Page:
Anyone who knew him would recognize this Schalavinism, "Hey, paratrooper-Ranger. You my hero!" And, anyone who knew him would know that he was the real hero. Ranger Schalavin was the epitome of a Ranger and the consummate soldier and NCO: a warrior, teacher, mentor, and friend to many. Sadly, he died on November 27, 2015, at the age of 77 in Anchorage, AK.
Command Sergeant Major Schalavin was born in Varalja, Hungary, on Feb. 20, 1938. He walked out of Hungary in 1956 at 18 after the Soviet Union ordered its troops to crush a rebellion there that October, eventually ending up in Lititz, PA. He began a life-long military career by enlisting in the U.S. Army in 1959. After basic training, he was assigned to the 506th Parachute Infantry Regiment, 101st Airborne Division, then the 173rd Airborne Brigade, 1-36th Infantry and 3rd Armor Division. Ranger Schalavin served a tour of duty in Korea, 2 in Germany, and 3 in Vietnam, none of which he ever completed because he was evacuated for wounds each time before his tour was over. During this time, Jan also served as an instructor at the Mountain Ranger Camp in 1968 and from 1970-71 with a tour as a Ranger Advisor to South Vietnamese Ranger units between them.
Jan was also the initial First Sergeant for Company C, 2nd Ranger Battalion. He then served as Sergeant Major of the ROTC Program at Southwest Missouri State College, Command Sergeants Major of the 1st Ranger Battalion, the 173rd light Infantry Brigade (Sep), the Infantry School, and finally the 25th Infantry Division. During 1979-80, he trained with and was a member of Operation Eagle Claw-Evening Light-Rice Bowl, one of Delta Force's first missions to attempt to rescue the 52 embassy staff held captive at the American Embassy in Tehran, Iran.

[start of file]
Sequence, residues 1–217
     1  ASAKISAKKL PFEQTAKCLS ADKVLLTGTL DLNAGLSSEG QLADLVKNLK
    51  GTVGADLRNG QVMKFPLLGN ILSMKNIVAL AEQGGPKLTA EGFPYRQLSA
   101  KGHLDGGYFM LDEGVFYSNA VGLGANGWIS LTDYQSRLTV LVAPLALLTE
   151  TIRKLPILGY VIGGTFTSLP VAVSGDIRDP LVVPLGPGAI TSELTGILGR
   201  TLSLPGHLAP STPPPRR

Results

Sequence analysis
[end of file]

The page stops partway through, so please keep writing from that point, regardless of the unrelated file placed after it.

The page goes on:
CSM Schalavin retired in 1993, after serving his country proudly for 35 years. Not one to do anything half-heartedly, Jan earned two bachelor’s degrees from the University of Alaska-Anchorage after he retired. He was also an avid hunter and fisherman. One of his fondest memories was of a hunt on Kodiak Island where he bagged a huge Alaska Brown bear.
Jan was a father, grandfather, leader, mentor, and the best kind of friend a person could ever have. He was a very funny man with a wonderful sense of humor who touched many people's lives over his lifetime. He will forever remain in the hearts of those he touched. He was, and will always be, one of the great Rangers to pass through the doors. Rest in Peace, Jan.